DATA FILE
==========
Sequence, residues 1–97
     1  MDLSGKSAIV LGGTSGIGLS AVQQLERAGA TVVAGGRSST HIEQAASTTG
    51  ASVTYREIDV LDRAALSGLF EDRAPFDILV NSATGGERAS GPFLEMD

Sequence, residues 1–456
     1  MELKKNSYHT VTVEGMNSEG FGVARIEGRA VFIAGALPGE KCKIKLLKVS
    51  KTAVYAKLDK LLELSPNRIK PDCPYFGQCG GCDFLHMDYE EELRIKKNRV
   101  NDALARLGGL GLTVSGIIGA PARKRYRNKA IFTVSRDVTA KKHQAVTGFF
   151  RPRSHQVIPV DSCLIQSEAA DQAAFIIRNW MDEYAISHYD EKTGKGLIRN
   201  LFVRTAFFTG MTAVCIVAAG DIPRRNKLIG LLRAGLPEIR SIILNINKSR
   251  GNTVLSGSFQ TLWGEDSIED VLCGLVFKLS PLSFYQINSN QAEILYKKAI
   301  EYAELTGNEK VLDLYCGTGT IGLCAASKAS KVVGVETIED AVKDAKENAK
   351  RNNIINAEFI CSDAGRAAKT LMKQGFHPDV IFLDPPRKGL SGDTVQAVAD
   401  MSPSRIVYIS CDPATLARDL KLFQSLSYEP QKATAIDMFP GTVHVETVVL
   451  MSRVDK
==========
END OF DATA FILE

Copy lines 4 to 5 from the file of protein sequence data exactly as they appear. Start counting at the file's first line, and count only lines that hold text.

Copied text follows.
Sequence, residues 1–456
     1  MELKKNSYHT VTVEGMNSEG FGVARIEGRA VFIAGALPGE KCKIKLLKVS